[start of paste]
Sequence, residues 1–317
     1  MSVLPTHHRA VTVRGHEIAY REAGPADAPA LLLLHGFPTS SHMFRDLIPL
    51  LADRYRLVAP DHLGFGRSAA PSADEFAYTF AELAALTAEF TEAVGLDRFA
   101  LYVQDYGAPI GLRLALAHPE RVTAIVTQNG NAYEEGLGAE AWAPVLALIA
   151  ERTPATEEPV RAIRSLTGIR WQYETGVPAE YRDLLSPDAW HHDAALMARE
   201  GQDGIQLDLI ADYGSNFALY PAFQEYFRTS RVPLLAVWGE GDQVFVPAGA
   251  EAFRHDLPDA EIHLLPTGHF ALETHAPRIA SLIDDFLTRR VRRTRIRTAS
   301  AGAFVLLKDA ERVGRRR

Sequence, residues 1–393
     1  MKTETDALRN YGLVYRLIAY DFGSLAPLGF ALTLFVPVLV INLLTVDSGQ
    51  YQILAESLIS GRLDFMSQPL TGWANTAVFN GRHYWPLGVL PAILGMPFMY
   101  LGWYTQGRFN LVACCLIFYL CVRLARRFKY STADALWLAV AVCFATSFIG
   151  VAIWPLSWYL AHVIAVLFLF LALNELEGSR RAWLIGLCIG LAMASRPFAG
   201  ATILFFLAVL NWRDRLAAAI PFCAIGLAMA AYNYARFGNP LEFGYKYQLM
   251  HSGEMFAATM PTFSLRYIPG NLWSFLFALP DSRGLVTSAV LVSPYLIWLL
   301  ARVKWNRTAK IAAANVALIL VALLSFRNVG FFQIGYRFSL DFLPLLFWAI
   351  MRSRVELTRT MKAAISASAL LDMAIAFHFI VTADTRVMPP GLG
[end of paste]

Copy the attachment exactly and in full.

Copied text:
Sequence, residues 1–317
     1  MSVLPTHHRA VTVRGHEIAY REAGPADAPA LLLLHGFPTS SHMFRDLIPL
    51  LADRYRLVAP DHLGFGRSAA PSADEFAYTF AELAALTAEF TEAVGLDRFA
   101  LYVQDYGAPI GLRLALAHPE RVTAIVTQNG NAYEEGLGAE AWAPVLALIA
   151  ERTPATEEPV RAIRSLTGIR WQYETGVPAE YRDLLSPDAW HHDAALMARE
   201  GQDGIQLDLI ADYGSNFALY PAFQEYFRTS RVPLLAVWGE GDQVFVPAGA
   251  EAFRHDLPDA EIHLLPTGHF ALETHAPRIA SLIDDFLTRR VRRTRIRTAS
   301  AGAFVLLKDA ERVGRRR

Sequence, residues 1–393
     1  MKTETDALRN YGLVYRLIAY DFGSLAPLGF ALTLFVPVLV INLLTVDSGQ
    51  YQILAESLIS GRLDFMSQPL TGWANTAVFN GRHYWPLGVL PAILGMPFMY
   101  LGWYTQGRFN LVACCLIFYL CVRLARRFKY STADALWLAV AVCFATSFIG
   151  VAIWPLSWYL AHVIAVLFLF LALNELEGSR RAWLIGLCIG LAMASRPFAG
   201  ATILFFLAVL NWRDRLAAAI PFCAIGLAMA AYNYARFGNP LEFGYKYQLM
   251  HSGEMFAATM PTFSLRYIPG NLWSFLFALP DSRGLVTSAV LVSPYLIWLL
   301  ARVKWNRTAK IAAANVALIL VALLSFRNVG FFQIGYRFSL DFLPLLFWAI
   351  MRSRVELTRT MKAAISASAL LDMAIAFHFI VTADTRVMPP GLG